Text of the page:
The Chinese-built iX3 is essentially an electric version of the third-generation X3, so is largely familiar save for its blanked-off grille, aerodynamically optimised wheel designs and blue trim elements. It uses the same fifth-generation EV powertrain as the iX, but swaps the dual-motor set-up for a single unit on the rear axle producing 282bhp, and is powered by a 74kW battery giving up to 285 miles per charge. Premier Edition trim starts at £61,900, but cheaper variants are likely to follow.
Citroën C3 Aircross
It shouldn’t come as a surprise that a revised C3 Aircross will follow its lower-riding C3 brethren, itself updated earlier this year. Don’t expect dramatic changes, but we will see a tweaked exterior design with standard-fit LED lights on every model, additional equipment in a lightly redesigned cabin and additional personalisation options.
The Ariya was effectively branded as a ‘Leaf SUV’ prior to its unveiling, but it’s turned out to be much more than that. The bold, high-riding fully electric model is unlike any Nissan we’ve seen yet, and promises both new standards of technology and “exciting” handling. Up to 389bhp and a 310-mile range? It certainly sounds promising.
The Arkana was revealed rather quietly at the 2018 Moscow motor show, with no official plans to bring it to Western Europe. Clearly, Renault’s new management thought the SUV coupé had greater potential, so it’s now decided to bring the model into further European markets, including the UK. Sitting alongside the Kadjar and Captur, the Arkana will offer a range of mild-hybrid turbo petrol engines and a full-hybrid E-Tech model.
Such is the fast pace of the new car market these days that the relatively new Arona somehow seems in need of an update. Thankfully, it’s mid-life revamp time, and we can expect the Ford Puma rival to benefit from an external nip and tuck, a revamped cabin and improvements to the car’s array of tech. No big changes under the bonnet are anticipated.
It’s only natural that Seat will update the strongly related Ibiza at the same time as the Arona. It’s still one of the best superminis on the market, we reckon, and its continuing popularity means it’s unlikely the Spanish firm will go back to the drawing board. Expect a mild refresh inside and out, and better connectivity.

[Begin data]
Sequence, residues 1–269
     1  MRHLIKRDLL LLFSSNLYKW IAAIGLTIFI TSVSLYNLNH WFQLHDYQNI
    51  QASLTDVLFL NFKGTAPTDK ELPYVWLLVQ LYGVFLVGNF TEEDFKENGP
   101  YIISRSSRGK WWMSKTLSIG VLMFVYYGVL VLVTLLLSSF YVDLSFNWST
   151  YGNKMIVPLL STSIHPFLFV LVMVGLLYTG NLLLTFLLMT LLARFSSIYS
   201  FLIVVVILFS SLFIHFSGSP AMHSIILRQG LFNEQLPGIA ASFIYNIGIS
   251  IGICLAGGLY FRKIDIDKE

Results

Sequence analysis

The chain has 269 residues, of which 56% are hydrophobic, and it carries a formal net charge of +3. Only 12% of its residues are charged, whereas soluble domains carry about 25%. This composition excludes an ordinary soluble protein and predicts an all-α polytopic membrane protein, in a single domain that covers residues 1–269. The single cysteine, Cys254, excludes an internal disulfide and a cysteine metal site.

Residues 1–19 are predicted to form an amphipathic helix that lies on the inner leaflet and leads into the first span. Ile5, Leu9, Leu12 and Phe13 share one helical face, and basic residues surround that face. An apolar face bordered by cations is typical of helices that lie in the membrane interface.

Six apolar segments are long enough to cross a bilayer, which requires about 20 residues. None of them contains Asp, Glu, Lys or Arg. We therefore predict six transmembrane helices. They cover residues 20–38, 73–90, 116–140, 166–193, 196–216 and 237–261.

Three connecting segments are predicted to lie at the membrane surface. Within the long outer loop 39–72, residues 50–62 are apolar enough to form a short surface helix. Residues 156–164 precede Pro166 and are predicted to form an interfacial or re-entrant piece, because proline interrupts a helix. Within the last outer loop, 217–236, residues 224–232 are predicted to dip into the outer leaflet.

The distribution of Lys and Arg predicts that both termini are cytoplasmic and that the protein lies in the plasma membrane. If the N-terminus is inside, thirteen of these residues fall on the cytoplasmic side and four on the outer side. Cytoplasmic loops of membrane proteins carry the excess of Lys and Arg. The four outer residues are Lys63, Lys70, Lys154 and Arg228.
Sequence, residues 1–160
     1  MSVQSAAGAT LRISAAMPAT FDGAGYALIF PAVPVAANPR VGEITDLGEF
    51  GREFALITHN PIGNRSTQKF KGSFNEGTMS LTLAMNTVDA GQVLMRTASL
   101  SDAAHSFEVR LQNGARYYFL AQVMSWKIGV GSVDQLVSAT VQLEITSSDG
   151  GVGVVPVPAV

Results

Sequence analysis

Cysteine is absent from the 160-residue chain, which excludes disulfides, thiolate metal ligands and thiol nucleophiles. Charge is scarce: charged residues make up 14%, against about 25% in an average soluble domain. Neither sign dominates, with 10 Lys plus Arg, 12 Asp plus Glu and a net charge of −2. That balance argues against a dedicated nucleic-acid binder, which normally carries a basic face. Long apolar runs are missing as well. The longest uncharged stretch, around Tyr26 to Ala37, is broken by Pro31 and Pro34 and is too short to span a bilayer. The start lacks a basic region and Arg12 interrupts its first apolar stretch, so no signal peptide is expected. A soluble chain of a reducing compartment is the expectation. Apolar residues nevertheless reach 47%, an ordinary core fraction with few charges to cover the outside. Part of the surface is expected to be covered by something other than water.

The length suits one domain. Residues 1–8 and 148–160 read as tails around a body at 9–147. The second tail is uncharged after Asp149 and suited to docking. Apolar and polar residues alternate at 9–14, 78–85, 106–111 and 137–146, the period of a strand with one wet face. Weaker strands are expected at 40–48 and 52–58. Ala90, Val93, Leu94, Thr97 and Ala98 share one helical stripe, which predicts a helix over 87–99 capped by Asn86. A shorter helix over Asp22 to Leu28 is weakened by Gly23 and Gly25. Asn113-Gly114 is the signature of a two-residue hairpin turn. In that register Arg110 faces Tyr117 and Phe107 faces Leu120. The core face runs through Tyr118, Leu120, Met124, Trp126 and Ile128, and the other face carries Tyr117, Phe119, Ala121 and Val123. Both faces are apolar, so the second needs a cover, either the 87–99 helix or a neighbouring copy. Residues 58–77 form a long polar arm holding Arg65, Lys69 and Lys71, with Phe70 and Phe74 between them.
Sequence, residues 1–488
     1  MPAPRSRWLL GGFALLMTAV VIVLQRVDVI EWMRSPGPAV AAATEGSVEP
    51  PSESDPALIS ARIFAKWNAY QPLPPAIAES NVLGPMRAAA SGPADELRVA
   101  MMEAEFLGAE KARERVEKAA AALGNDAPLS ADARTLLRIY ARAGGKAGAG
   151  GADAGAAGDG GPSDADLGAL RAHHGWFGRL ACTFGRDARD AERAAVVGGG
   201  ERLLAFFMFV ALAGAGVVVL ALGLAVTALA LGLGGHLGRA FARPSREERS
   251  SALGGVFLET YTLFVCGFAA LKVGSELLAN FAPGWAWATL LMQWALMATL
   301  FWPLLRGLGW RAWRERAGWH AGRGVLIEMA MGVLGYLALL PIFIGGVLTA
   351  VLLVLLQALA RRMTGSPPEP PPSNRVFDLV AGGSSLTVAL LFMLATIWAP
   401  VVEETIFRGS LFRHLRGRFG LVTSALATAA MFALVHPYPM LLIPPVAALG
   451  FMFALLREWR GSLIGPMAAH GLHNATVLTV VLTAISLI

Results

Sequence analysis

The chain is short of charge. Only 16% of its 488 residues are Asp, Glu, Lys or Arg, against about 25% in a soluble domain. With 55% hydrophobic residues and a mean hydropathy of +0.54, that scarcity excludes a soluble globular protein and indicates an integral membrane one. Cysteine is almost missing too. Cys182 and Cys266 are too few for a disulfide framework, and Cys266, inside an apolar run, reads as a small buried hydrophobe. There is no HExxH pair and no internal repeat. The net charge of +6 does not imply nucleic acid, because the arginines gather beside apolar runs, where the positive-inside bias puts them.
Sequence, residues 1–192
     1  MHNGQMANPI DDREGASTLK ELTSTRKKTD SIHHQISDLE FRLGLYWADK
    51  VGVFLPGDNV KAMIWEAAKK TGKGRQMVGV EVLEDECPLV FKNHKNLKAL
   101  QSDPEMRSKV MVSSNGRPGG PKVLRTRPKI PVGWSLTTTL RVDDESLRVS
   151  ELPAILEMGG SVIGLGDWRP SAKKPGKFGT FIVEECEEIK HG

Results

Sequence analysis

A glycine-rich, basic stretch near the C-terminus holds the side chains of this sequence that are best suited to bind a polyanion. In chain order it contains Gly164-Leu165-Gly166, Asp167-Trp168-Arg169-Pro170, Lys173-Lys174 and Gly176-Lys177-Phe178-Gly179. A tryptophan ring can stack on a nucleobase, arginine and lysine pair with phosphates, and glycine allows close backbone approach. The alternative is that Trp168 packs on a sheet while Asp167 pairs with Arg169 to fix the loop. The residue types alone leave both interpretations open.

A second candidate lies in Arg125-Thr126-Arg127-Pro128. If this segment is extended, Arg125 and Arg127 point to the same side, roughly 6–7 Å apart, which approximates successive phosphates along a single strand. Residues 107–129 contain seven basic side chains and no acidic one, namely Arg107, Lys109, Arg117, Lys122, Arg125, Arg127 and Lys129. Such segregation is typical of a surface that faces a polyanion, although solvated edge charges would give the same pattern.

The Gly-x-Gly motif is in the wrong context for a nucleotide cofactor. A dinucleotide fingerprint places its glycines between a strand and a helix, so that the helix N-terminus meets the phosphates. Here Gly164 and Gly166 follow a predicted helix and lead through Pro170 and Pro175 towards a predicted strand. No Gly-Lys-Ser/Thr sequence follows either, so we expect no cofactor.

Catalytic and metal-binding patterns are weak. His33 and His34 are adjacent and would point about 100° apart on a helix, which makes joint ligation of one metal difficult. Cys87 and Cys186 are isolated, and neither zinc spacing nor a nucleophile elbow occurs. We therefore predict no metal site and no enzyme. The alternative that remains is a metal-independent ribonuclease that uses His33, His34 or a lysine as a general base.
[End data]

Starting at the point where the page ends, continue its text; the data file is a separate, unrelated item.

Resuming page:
You might have been lucky (or perhaps unlucky) to come across the controversially styled Mirai in its first generation, but the hydrogen-powered model didn’t exactly fly out of showrooms. That’s why Toyota has gone in a totally different direction with the new car’s design – as well as updating the powertrain, drafting in a more appealing rear-driven platform and, Autocar understands, dropping the price. It’s a pity the UK’s hydrogen refuelling infrastructure is as limited as ever.
Luton’s SUV flagship will follow its Mokka and Crossland stablemates in gaining the dramatic new ‘Vizor’ front end. It’s intended to inject a bit of visual flair into the model, as part of Vauxhall’s plan to be much bolder with its styling. Don’t expect too many other mechanical or powertrain changes, though, given a plug-in hybrid was introduced only recently.
One of the most hotly discussed cars of 2020 was BMW’s somewhat belated answer to the Audi E-tron and Mercedes-Benz EQC. The controversially styled iX has been touted by BMW as a “technology flagship” and, as such, represents a radical departure from the i3, which has led the brand’s electrification drive since 2013.
The five-seat, four-wheel-drive SUV packs up to 500bhp, will cover 0-62mph in less than five seconds and is claimed to offer a range of more than 373 miles. While comparable in size to today’s X5, it’s said to feature an interior that feels as spacious as an X7’s, courtesy of its flat floor, lack of centre console and predominantly touchscreen-based control panel. Specifications of any variants beyond the officially detailed range-topper have yet to be confirmed, but each axle can support between 121bhp and 402bhp, hinting at the potential for the line-up to expand at both ends, taking in a lower-powered entry-level iX and more potent performance-oriented versions.
BMW’s big-selling mid-sized SUV has avoided the styling controversies of some of its newer siblings, but a planned facelift will see to that as the larger grille of other recent BMWs will now feature on the X3, too. Less controversial will be the interior updates to the infotainment system. The M version will be revised at the same time.
The X4 has gone from being the only real model in its class to having several new rivals in the shape of the Mercedes-Benz GLC and the new Audi Q5 Sportback. Changes to the X3 will be applied to the X4 at the same time, meaning that front end and those interior changes. Like the X3 M, the X4 M will also be facelifted, too.
Citroën e-Berlingo, Vauxhall Combo-e, Peugeot Rifter EV